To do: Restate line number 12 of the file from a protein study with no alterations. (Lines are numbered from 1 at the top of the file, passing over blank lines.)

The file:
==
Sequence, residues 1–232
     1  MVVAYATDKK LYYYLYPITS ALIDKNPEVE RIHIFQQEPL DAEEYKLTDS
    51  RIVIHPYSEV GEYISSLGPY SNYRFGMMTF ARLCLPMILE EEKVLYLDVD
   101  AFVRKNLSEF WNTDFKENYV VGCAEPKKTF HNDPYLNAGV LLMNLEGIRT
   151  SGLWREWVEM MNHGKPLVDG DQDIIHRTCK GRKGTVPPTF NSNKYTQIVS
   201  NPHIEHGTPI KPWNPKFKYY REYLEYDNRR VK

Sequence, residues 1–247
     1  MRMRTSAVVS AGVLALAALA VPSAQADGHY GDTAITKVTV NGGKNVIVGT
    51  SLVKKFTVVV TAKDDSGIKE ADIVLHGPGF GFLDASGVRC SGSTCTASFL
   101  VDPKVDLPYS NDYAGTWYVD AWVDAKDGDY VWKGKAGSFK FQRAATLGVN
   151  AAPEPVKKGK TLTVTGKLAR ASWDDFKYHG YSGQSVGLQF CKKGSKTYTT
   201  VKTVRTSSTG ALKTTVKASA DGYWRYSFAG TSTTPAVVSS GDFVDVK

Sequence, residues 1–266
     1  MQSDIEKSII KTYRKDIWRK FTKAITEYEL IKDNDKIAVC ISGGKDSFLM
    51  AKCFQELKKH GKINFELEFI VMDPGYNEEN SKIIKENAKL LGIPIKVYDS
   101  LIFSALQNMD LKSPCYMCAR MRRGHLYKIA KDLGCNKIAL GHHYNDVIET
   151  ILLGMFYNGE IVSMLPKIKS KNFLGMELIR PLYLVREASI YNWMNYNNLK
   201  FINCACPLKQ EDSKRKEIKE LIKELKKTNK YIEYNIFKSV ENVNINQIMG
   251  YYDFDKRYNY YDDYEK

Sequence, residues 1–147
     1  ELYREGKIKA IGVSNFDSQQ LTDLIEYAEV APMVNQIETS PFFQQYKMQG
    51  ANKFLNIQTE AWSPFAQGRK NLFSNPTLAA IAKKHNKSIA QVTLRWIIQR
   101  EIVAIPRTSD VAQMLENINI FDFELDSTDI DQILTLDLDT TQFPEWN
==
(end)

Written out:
   201  VKTVRTSSTG ALKTTVKASA DGYWRYSFAG TSTTPAVVSS GDFVDVK